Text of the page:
Data management

Considering the crucial nature of data produced by various devices, it is imperative to have stringent data management strategies in place. The storage and processing of data – along with the personal information of end users – should be done in a way that prevents misuse or unintentional exposure. This should to be a consistent principle throughout the development process, helping ingrain data protection into the very fabric of the digital service.


To summarize, the Internet of Things has enormous untapped potential to generate value for industrial companies. By harnessing the power of connected IoT solutions and incorporating digital twins and data management, companies can significantly enhance their operations and drive productivity. With continued advancements and industry collaboration, the future for connected IoT solutions will revolutionize the way companies operate, transforming the physical world into the digital world.

Here are four key points to help you get started with connected IoT solution development:

  • Define your use case: Clearly outline the objectives, scope and requirements for your IoT initiative. Identify the specific problem or opportunity you want to address with IoT, and understand the type of devices, data and actions you want to enable.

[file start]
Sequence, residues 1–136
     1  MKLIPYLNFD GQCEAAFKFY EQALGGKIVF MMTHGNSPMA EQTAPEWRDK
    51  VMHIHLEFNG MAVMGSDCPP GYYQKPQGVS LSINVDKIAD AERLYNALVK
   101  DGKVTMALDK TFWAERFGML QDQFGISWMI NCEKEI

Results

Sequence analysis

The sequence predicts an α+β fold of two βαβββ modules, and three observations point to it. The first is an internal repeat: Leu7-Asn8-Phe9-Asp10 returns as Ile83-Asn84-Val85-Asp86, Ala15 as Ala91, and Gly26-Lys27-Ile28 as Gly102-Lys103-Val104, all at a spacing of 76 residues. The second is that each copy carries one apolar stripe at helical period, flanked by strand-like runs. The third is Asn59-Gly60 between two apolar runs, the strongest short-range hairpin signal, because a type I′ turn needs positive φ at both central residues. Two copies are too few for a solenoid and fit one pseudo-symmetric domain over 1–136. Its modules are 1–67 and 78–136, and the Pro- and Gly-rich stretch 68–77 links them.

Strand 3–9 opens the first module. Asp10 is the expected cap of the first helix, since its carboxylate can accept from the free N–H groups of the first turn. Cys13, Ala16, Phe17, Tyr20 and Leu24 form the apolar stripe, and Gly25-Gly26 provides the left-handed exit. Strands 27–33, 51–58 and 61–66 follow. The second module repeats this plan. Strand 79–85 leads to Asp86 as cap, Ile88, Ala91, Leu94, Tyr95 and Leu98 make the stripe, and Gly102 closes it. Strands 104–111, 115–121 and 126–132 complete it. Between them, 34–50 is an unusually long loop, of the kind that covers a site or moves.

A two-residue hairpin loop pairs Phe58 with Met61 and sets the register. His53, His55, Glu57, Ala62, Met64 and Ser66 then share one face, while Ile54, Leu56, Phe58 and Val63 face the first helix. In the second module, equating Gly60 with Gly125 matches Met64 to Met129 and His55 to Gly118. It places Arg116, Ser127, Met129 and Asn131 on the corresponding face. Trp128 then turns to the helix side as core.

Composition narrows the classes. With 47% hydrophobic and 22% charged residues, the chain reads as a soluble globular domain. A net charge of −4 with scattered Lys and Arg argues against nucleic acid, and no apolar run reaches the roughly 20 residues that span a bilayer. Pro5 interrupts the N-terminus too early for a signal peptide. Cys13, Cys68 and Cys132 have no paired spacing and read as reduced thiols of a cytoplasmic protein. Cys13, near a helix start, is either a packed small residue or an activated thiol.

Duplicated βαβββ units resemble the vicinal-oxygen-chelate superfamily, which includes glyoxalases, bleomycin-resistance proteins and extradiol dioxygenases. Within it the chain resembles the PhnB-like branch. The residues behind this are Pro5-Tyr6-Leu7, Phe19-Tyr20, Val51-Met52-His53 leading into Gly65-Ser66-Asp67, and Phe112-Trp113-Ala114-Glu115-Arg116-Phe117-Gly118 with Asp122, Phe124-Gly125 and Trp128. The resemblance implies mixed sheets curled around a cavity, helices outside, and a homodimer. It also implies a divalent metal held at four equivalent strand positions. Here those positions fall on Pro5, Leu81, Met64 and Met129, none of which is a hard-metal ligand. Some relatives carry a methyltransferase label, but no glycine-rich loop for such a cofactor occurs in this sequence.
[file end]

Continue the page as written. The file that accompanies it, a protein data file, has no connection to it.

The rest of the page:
• Choose the right building blocks: Pick the appropriate IoT platform, hardware devices, and connectivity options for your project. Research and evaluate different technologies, protocols and platforms that match your needs and are sufficiently scalable.
  • Start small and scale up: Build the necessary pilot environment and start collecting and analyzing data. Learn, iterate and refine your solution based on feedback and testing results.
  • Capture the value: Link your solution to the operative process. Leverage data analysis for developing the business and business model.

See also: Design principles for connected devices in IoT

At Futurice, we are here to help and support you on your IoT development journey. Get in touch to learn more about how this could benefit your organization.


  • Portrait of Lauri Anttila
    Lauri Anttila
  • Portrait of Liisa Paavilainen
    Liisa Paavilainen
    Senior Consultant, Transformation Lead